3400 North Wolf Road
Franklin Park, Illinois 60131-1319
Telephone: (847) 455-7111
Fax: (847) 455-7136
Sales: $754.9 million (1997)
Stock Exchanges: American
Ticker Symbol: CAS
SICs: 5051 Metal Service Centers & Offices
A.M. Castle & Co. is one of North America's largest independent operators of metals distribution centers, offering quick delivery of specialty metals to a large variety of industrial companies. These metals come in many forms, including round and flat bars, plates, tubing, sheets, and coils. The company also distributes a wide variety of industrial plastics.
The First 85 Years: 1890-1975
The company was founded in Chicago in 1890 by A.M. Castle, as a distributor and jobber of steel manufactured products, including plates, rivets, beams, and similar structural materials. By 1920, when W.B. Simpson was its president and the founder's descendant A.C. Castle a vice-president, the company was reporting assets of $2.6 million. Its Chicago plant consisted of a fabricating factory, two fireproof warehouses, and two office buildings. Net sales reached $7.2 million in 1927, and net earnings a pre-Depression peak of $987,042 in 1929. By then the company was active on the Pacific Coast as well as in the Middle West, with steel warehouses in San Francisco, Los Angeles, and Seattle, as well as in Chicago. During this time, Simpson moved up to the position of chairman, and A.C. Castle became the company's president.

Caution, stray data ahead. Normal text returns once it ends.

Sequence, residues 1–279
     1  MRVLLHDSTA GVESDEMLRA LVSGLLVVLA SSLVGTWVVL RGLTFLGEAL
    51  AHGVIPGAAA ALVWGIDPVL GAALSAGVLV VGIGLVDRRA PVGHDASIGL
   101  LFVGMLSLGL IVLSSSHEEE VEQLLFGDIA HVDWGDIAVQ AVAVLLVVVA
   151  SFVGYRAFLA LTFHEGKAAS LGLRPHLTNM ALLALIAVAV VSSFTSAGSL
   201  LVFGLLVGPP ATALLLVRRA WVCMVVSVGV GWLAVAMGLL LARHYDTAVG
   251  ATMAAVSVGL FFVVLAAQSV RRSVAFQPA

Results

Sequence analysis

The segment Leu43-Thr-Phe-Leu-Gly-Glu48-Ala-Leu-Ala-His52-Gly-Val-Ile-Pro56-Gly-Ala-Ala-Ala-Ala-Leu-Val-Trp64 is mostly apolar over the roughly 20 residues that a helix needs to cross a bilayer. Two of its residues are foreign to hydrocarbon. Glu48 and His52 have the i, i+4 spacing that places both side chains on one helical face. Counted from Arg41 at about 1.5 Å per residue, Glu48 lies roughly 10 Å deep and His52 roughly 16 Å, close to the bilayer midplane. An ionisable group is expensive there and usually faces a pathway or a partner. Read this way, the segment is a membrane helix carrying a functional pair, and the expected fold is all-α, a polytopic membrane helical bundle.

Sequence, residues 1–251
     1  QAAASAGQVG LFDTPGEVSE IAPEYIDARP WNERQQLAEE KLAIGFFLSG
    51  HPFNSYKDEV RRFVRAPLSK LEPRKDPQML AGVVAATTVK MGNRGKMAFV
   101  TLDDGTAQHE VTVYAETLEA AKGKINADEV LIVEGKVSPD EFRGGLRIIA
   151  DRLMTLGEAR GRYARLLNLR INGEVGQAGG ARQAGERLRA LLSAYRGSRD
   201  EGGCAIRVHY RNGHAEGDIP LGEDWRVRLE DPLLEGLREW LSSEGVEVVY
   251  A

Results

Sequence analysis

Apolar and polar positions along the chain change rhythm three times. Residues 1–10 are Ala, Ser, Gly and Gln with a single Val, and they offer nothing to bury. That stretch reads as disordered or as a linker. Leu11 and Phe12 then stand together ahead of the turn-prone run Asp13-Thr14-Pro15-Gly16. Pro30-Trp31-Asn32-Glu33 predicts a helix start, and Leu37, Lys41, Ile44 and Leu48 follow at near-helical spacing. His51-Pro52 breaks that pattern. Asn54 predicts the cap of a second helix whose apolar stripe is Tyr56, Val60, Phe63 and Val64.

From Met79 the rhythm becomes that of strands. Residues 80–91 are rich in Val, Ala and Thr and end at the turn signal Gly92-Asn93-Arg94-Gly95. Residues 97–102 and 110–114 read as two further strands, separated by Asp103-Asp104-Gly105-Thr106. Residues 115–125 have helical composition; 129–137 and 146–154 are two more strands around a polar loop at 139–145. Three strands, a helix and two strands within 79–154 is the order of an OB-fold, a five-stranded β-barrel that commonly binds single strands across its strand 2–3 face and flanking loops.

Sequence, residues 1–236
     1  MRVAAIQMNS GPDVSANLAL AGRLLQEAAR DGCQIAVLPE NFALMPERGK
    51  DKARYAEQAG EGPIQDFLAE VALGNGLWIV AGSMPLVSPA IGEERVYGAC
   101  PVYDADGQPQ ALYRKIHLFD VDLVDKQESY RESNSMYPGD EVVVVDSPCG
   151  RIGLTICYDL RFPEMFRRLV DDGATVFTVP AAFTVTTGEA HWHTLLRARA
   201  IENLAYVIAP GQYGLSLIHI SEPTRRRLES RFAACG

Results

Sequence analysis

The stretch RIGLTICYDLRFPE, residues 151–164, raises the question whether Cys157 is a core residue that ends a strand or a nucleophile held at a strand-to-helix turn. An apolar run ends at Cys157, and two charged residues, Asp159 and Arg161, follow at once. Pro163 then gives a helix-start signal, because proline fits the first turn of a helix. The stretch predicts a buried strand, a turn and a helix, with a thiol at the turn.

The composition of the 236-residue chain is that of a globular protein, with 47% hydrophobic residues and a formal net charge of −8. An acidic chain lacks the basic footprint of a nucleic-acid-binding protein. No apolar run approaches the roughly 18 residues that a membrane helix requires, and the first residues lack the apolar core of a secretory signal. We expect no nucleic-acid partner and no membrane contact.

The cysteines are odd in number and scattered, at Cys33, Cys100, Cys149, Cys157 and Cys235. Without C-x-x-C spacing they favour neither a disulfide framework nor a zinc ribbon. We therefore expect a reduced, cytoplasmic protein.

Although profits were leaner in the 1930s, A.M. Castle lost money only in 1932 and suspended its dividend only in 1932 and 1933. The company had a record net profit of $1 million on net sales of $12.8 million in 1941. Net profit reached a peak of $1.6 million in 1946, on sales of $14.8 million. A.M. Castle purchased Biggs Steel Co. of Milwaukee in 1945. By 1950 the company had added steel warehouses in Berkeley, California, and North Kansas City, Missouri, as well as in Milwaukee, to its roster. It had net profit of $1.3 million on net sales of $18.7 million in that year.
During the 1950s business surged and contracted according to the vagaries of the national economy, with A.M. Castle's net sales climbing from a low of $18.5 million in 1954 to a high of $44.2 million in 1959 and net profit from a low of $547,520 in the former year to $1.8 million in 1956. During this time, the company moved its headquarters and main warehouse to Franklin Park, a suburb of Chicago and also added warehouses in Rockford, Illinois, and Baltimore--its first location in the East--and began distributing aluminum and plastic pipe as well as steel products. In 1958 the company acquired Nottingham Steel & Aluminum Co. for about $1.5 million, thereby adding warehouses in Cleveland and Galion, Ohio.